D.A. Carson, “Preserving the Gospel”
2 Tim. 1:1-2:2
We think of preserving the gospel defensively, primarily in criticism of those we think have gone astray.
We need to begin with saying what the gospel is. The gospel is first something you proclaim. It’s news, dramatic news. You announce news. The New Testament emphasizes teaching, proclaiming the news.
The content of this news is what God has done through Jesus Christ to save us: bringing Him to earth to the cross and raising Him again to right hand of Majesty on High where He reigns to bring about God’s purpose until the last day and the revealed perfection of God’s glory and transforming us to be like Him. He bore our sin! God made Him who knew no sin to be sin that we might be the righteousness of God in Christ, 2 Cor. 5:21. God looks at me through the righteousness of Christ.
This is the good news!
The gospel is not what we should do. Though a response is demanded, it is first of all news of what God has done through Christ. It doesn’t simply “tip” us into the kingdom (“how to have a good marriage in ten easy steps”) but instead gospel centeredness stamping everything in our lives.
Six steps to preserving this gospel:
1. Fan into flame what you received, v. 3-7.
Timothy is an heir to the faith of his mothers who taught him the Scriptures from his youth. Their faith stamped his, faith that is worked out in observable ways. Timothy saw this faith in his mother, Paul sees itin Timothy. Not merely a corpus of beliefs but news of what God has worked out in our lives that people are different! Character, direction changes!
Heritage of faith passed on from Christian to Christian. For this reason, fan into flame the gift of God! It is possible for these things to be assumed. One of most dangerous things we face in western church: the gospel becomes merely assumed. Most people don’t learn what I teach, they learn what I repeat. If the gospel is something I genuinely believe in and yet there is something I really really am interested in (sociology, strategies for reaching unevangelized), the people I talk to will pick up what I am most excited about. Is it the gospel? Fan into flame the heritage of gospel in the area to which you are called so that the gospel is front and center and others hear the gospel. Gospel may be denied/lost because it is assumed.
Think constantly about the gospel. Read Scriptures with gospel in view. Fan into flame gospel fueled service. The fire of the Spirit motivates.
2. Maintain a clear grasp of the value of the gospel, v. 8-11.
Keep reminding ourselves of the gospel! Think of His wrath, eternal destruction in hell, yet forgiven and granted His Spirit, regenerated, unity with other believers, hope of resurrection existence with no sorrow or pain or suffering or jealousy or rage, perfect union with Christ, consummated joy secured by someone else: Christ Jesus. And we have to be encouraged to keep that in view? Yes. The gospel is anchored in eternity and manifested in history. He saved us in eternity past! (v. 9-10)
3. Maintain a willingness to suffer for the gospel, v. 8, 2:8-10.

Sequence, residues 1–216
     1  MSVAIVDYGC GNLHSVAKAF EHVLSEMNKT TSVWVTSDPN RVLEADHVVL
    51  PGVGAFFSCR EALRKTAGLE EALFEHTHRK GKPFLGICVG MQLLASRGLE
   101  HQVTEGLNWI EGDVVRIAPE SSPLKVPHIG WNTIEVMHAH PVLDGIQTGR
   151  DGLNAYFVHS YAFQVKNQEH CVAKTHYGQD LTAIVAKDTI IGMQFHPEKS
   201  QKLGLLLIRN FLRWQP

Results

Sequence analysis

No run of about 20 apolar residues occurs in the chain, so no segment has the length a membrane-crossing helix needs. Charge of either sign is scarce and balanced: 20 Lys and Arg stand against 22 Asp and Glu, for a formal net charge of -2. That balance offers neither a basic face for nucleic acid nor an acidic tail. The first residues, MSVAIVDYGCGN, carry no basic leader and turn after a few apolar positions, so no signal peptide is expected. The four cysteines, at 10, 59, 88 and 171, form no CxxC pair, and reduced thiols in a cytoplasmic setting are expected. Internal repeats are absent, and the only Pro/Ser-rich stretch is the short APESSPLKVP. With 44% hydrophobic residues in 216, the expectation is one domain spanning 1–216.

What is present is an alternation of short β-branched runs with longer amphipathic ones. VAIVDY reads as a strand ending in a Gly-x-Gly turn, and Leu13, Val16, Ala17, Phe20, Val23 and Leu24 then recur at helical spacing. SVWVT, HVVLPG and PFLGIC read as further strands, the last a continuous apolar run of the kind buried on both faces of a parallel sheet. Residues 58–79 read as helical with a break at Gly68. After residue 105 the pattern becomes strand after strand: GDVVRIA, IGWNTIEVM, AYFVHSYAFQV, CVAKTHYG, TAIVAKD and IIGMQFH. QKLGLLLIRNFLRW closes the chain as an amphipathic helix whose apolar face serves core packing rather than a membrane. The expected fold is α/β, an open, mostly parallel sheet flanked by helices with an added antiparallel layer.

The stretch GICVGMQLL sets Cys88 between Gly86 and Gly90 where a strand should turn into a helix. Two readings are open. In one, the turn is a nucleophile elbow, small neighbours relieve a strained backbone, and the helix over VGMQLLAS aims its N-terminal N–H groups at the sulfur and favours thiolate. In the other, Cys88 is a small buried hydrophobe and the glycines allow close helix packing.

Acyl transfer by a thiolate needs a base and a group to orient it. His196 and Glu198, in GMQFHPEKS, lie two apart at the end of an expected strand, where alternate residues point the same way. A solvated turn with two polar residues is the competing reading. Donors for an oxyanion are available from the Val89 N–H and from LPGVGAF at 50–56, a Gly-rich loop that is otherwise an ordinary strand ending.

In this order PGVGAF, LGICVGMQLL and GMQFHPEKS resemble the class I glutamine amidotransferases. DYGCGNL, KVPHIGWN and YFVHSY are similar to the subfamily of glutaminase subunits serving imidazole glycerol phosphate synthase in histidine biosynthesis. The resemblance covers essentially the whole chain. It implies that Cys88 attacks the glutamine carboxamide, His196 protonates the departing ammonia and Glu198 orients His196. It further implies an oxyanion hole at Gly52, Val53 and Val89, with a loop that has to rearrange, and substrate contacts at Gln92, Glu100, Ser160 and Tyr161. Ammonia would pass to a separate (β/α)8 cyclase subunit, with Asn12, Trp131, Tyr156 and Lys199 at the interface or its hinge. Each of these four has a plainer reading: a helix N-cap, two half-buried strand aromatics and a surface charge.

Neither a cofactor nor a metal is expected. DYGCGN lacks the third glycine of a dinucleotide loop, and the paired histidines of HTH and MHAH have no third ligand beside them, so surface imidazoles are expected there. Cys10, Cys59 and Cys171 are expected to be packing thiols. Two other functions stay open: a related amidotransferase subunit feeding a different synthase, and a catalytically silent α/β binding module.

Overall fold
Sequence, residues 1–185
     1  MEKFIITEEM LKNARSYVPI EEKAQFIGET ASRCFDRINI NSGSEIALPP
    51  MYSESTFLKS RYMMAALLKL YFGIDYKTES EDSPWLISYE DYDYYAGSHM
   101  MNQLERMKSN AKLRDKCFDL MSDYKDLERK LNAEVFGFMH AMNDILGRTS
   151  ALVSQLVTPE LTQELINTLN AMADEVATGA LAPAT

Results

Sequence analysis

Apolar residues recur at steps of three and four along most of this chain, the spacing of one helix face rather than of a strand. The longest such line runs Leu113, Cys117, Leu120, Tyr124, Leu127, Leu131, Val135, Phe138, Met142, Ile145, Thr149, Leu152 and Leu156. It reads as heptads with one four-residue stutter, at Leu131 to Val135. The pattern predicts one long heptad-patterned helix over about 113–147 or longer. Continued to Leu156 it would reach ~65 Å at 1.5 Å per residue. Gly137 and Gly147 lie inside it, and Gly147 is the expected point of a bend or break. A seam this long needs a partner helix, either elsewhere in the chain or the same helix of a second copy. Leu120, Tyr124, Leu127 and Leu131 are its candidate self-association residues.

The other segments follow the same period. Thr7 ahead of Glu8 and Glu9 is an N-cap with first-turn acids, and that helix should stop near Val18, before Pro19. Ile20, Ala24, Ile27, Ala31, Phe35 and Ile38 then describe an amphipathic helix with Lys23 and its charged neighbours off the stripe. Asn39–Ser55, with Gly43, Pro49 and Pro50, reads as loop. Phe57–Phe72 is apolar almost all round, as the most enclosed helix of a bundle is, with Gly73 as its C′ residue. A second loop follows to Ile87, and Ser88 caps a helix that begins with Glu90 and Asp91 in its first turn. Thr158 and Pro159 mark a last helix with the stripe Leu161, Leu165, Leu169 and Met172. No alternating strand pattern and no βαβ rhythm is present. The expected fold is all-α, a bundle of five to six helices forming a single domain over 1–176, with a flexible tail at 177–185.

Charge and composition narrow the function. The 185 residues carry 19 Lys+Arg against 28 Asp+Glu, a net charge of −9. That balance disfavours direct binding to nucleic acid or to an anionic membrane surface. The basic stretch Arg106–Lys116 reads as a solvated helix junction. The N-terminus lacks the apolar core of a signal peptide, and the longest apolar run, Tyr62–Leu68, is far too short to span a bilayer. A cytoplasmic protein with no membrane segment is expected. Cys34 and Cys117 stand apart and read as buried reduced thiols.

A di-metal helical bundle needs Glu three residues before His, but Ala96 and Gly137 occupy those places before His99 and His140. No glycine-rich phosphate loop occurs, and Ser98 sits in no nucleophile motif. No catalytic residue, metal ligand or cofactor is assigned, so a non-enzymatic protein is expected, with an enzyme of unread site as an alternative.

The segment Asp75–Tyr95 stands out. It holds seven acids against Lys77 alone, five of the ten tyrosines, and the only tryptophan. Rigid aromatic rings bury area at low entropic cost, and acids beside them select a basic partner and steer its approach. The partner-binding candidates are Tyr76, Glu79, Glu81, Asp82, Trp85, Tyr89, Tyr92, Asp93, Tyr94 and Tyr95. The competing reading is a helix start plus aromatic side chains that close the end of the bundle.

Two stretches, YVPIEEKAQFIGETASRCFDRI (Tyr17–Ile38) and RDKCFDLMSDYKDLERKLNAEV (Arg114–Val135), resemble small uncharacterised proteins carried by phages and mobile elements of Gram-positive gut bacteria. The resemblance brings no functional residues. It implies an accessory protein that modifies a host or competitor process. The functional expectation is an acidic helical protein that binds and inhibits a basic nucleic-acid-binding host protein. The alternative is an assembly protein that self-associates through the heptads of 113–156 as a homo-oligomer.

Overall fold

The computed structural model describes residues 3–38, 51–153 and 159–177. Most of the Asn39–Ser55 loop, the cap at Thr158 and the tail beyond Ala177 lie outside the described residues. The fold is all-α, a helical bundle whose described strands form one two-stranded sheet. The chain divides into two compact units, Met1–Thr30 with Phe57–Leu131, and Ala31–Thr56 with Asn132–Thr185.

The theme of suffering is Biblically central. It has been granted to you on behalf of Christ not only to believe to suffer for His sake. “Granted”: graciously given to you, a gift. That I may know Him…and the fellowship of His suffering. In Acts 5:41 the disciples are rejoicing because they were counted worthy to suffer for His name. Jesus warned his followers in John 15 that if they persecuted Him they would persecute them also. Biblically speaking, suffering for sake of Christ considered normal. In west, we speak of suffering as divorce or cancer. But in the New Testament it has to do with Jesus and suffering for His sake.
What if when we faced any opposition whatsoever, instead of being outraged we say thank you, Jesus, for the privilege of suffering the disgrace of Your name. Not being masochistic but having a newfound courage to embrace the fellowship of suffering. Far from being ashamed for being put down or slandered, we rejoice because we were counted worthy to suffer for His name. We sometimes think suffering Christians are too fanatical and over the top. Paul says: no, don’t be ashamed of me or of the gospel or of those who suffer for sake of gospel rather join me in my suffering. Requires courage, gentleness, boldness, accurate articulation, willingness for God to grant us the privilege.
4. Maintain the mandate to guard the gospel, v. 13-14.
Understand the pattern of sound teaching, how Bible fits together in the great God who discloses Himself in the person of Christ Jesus. More than mere moral lessons.
5. Distinguish the betrayers and supporters of gospel, v. 15-18.
We are tempted to be soft on our friends and those we are in relationship with. Paul’s priority was on how they’re responding to the gospel. It is the shared gospel that links us. One hope, one faith, one Lord, one baptism, one God and Father who is over all. Who is for the gospel and thus united with us? Who is undermining us? Our alliances must not be on racial preferences, who went to school with, etc. Ally with those who are gospel driven.
6. Work hard at proclaiming the gospel, 2:1-2.
One of ways to preserve gospel is not by being defensive but by sharing, giving it away. If we are becoming self absorbed and defensive, we are losing the gospel. We are all of us bound up with teaching the gospel to another generation. We have responsibility to pass it on, looking for those able to pass it on to yet another generation. Share it. Tell it. Proclaim it.
Note: these are my notes hastily typed during the presentation. Any and all error in transcription is mine and not the instructor’s. Also, please excuse the multitude of grammatical errors!